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The sarabandes of J.S. Bach: freedom of ornamentation and melodic manipulation

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This document is intended to show the various kinds of stylistically appropriate melodic and rhythmic ornamentation that can be used in the improvisation of the Sarabandes by J.S. Bach. Traditional

This document is intended to show the various kinds of stylistically appropriate melodic and rhythmic ornamentation that can be used in the improvisation of the Sarabandes by J.S. Bach. Traditional editions of Bach's and other Baroque-era keyboard works have reflected evolving historical trends. The historical performance movement and other attempts to "clean up" pre-1950s romanticized performances have greatly limited the freedom and experimentation that was the original intention of these dances. Prior to this study, few ornamented editions of these works have been published. Although traditional practices do not necessarily encourage classical improvisation in performance I argue that manipulation of the melodic and rhythmic layers over the established harmonic progressions will not only provide diversity within the individual dance movements, but also further engage the ears of the performer and listener which encourages further creative exploration. I will focus this study on the ornamentation of all six Sarabandes from J.S. Bach's French Suites and show how various types of melodic and rhythmic variation can provide aurally pleasing alternatives to the composed score without disrupting the harmonic fluency. The author intends this document to be used as a pedagogical tool and the fully ornamented Sarabandes from J.S. Bach's French Suites are included with this document.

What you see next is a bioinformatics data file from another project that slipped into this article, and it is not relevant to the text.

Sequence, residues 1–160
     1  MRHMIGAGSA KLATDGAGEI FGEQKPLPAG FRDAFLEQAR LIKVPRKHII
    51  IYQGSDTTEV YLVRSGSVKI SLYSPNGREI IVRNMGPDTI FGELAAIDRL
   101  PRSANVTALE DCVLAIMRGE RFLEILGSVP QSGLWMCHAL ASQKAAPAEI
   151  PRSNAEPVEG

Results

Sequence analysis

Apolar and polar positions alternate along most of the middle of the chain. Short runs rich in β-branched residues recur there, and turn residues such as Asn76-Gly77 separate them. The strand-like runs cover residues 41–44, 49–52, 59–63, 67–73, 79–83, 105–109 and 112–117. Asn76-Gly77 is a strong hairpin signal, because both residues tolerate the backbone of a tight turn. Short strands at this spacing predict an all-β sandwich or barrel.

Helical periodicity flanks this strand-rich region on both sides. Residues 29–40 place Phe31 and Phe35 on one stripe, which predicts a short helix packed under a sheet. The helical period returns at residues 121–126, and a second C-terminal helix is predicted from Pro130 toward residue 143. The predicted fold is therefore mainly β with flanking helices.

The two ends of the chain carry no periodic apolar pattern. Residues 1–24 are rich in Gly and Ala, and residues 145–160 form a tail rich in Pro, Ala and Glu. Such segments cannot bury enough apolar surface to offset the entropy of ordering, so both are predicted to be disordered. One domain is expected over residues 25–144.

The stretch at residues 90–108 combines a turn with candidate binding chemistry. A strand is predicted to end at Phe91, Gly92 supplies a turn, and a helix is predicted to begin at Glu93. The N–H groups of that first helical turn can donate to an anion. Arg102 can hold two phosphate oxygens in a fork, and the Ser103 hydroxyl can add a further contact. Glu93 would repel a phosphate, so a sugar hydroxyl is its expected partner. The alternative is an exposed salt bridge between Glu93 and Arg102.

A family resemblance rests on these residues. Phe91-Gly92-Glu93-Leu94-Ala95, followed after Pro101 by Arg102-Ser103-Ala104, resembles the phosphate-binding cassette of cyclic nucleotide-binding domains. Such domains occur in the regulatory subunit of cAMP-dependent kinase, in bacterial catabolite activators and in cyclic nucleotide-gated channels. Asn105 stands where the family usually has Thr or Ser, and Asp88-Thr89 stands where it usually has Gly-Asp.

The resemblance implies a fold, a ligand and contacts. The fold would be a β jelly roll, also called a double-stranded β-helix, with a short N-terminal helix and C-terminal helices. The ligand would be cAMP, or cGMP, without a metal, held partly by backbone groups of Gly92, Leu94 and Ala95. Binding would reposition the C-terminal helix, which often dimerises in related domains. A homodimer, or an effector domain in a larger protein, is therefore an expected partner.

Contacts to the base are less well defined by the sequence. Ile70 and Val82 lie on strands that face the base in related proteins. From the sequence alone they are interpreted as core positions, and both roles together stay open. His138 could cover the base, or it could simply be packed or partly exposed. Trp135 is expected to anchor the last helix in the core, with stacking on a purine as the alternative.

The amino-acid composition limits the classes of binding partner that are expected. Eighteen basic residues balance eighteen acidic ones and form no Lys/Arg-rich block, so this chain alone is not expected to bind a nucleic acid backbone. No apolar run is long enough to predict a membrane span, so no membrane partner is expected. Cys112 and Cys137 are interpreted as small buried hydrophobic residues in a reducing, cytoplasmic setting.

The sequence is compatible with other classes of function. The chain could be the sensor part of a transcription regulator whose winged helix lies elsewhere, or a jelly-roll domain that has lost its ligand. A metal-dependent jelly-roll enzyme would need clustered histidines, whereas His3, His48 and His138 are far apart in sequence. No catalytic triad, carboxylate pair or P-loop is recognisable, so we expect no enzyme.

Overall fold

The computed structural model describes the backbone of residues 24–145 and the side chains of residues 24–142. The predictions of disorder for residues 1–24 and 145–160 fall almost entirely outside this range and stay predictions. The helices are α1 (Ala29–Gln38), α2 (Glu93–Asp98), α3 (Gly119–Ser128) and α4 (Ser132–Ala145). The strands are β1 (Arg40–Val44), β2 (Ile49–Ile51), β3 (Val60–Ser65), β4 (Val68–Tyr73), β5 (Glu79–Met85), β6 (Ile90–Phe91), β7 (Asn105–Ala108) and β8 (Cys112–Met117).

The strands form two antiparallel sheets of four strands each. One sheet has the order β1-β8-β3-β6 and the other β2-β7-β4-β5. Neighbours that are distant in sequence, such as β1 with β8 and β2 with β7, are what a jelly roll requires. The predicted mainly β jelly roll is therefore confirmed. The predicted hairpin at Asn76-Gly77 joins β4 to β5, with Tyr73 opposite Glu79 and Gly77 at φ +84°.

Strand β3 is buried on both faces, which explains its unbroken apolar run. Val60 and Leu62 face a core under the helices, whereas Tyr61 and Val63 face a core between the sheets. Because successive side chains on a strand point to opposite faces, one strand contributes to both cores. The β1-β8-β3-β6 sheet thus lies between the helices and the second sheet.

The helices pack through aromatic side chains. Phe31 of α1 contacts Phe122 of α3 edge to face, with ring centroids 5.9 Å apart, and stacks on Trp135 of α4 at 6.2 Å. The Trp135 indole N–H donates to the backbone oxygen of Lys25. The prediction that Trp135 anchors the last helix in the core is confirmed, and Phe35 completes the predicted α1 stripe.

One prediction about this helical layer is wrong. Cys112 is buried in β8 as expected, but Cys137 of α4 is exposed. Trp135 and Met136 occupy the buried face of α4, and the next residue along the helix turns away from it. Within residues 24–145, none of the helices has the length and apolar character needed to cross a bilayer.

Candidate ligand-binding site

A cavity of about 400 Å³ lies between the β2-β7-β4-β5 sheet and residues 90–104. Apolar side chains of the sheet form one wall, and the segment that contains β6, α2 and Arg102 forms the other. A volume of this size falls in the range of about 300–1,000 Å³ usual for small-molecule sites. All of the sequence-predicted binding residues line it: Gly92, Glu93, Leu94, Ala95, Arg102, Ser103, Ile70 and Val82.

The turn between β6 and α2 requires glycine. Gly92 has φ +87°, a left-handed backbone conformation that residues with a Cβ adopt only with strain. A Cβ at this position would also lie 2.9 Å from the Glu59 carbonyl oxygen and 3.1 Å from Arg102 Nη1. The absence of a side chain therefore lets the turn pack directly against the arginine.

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  • 2013

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Beyond Debussy and Ravel: impressionism in the early advanced short piano works of selected European and American composers

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Musical Impressionism has been most significantly reflected through the works of Claude Debussy (1862-1918) and Maurice Ravel (1875-1937). These two key figures exhibit the essence of this art and their